Disciple or Delinquent
Much of western Christianity gradually has abandoned the mandates of Scripture, the teachings of the Lord Jesus that call for holiness, and the separation from the world that is the very word in Greek for church. (“ecclesia” – “called out”). Entertainment, emulating worldly venues in worship, motivational or “how to be successful” talks over expository Bible preaching, and the abandonment of true “disciple making” for easy believism… these and many new established practices have seen the re-creation of the Laodicean church in America.
It was to the church at Laodicea that Jesus spoke of their spiritual distance and indifference….
I know your works, that you are neither cold nor hot. I wish that you were cold or hot. 16 So, because you are lukewarm, and neither hot nor cold, I am going to vomit you out of My mouth. 17 Because you say, ‘I’m rich; I have become wealthy and need nothing,’ and you don’t know that you are wretched, pitiful, poor, blind, and naked. (Rev. 3:15-17).
Jesus mandate was for the church to make disciples. One who becomes a true follower of Jesus is ever seeking to grow in the “disciplines of a disciple”. Just as an athlete is always practicing, running, or working out to improve his abilities in the contests, so a Christian is to be ever “practicing” the fundamentals of the faith to become more and more like Christ.
We view fundamentals as just practice. Fundamentals are the boring “day in day out” stuff that seemingly doesn’t really matter. One researcher by the name of Ericsson notes, “Elite performers in many diverse domains have been found to practice, on the average, roughly the same amount every day, including weekends.”
The evidence for that principle crosses a remarkable range of fields. In a study of 20-year-old violinists by Ericsson and colleagues, the best group (judged by conservatory teachers) averaged 10,000 hours of deliberate practice over their lives; the next-best averaged 7,500 hours; and the next, 5,000.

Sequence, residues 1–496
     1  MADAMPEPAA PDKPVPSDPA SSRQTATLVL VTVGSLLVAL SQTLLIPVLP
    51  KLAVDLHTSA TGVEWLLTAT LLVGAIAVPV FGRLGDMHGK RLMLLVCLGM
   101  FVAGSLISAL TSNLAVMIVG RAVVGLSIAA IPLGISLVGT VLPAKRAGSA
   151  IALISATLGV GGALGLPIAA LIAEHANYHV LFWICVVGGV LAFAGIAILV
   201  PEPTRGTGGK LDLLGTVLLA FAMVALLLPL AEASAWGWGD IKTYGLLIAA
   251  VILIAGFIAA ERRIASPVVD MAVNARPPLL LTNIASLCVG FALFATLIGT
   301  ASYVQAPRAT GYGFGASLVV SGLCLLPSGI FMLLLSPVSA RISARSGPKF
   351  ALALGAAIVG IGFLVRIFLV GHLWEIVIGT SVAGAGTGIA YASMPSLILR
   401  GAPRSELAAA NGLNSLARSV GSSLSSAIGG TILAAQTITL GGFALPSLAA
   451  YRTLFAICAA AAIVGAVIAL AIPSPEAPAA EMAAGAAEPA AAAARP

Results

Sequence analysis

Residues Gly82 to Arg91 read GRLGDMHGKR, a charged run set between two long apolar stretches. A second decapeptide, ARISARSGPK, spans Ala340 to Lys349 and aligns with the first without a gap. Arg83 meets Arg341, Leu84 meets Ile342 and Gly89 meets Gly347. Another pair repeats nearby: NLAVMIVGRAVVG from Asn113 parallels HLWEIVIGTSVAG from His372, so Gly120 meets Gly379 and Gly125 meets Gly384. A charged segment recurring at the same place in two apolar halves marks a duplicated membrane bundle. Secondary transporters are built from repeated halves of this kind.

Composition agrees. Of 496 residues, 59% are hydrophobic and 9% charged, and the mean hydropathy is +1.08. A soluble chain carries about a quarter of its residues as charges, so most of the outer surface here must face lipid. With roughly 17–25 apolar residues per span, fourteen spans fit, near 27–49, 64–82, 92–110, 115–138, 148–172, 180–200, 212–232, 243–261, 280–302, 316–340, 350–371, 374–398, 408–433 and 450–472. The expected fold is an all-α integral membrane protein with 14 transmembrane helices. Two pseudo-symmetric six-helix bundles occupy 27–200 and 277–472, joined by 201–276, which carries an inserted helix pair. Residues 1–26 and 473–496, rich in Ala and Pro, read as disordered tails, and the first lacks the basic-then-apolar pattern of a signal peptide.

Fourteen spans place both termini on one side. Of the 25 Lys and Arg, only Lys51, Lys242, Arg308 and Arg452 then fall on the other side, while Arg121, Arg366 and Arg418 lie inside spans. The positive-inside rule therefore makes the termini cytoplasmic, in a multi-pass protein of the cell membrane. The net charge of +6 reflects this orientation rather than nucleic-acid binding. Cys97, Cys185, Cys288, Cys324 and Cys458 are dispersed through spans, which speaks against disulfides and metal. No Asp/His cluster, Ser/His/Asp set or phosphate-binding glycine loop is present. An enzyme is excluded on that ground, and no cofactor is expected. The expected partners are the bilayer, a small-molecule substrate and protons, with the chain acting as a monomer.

Practice is crucial for us to perform. I want to remind you that any coach will tell you that the lack of attention to fundamentals may not show up or hurt you in the short term, but ultimately that lack of attention will be exposed and cause you to lose. In other words, there are fundamentals that must be brushed up on constantly. It doesn’t matter how professional or skilled you become. You must constantly revisit the basics and stay proficient in them.
When you begin to talk about the fundamentals of Christianity, we look to Jesus’ teachings that we call the Sermon on the Mount and rightfully so. In this masterpiece of a sermon, Jesus deals with basic kingdom principles. He is basically teaching us how we are to live now that we are a part of God’s kingdom. (Copied).
John 13:15 – For I have given you an example, that you also should do just as I have done.